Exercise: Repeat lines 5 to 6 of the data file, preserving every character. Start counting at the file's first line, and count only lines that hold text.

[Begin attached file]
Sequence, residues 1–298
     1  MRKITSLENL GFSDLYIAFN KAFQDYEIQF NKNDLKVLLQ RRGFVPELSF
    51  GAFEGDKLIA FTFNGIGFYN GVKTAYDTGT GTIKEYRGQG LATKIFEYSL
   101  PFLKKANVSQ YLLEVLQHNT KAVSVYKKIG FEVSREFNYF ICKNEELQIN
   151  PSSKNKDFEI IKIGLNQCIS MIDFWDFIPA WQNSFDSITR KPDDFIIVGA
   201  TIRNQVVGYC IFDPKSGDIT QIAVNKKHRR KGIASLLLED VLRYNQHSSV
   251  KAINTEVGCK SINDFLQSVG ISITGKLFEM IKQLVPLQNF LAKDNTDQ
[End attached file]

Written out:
   151  PSSKNKDFEI IKIGLNQCIS MIDFWDFIPA WQNSFDSITR KPDDFIIVGA
   201  TIRNQVVGYC IFDPKSGDIT QIAVNKKHRR KGIASLLLED VLRYNQHSSV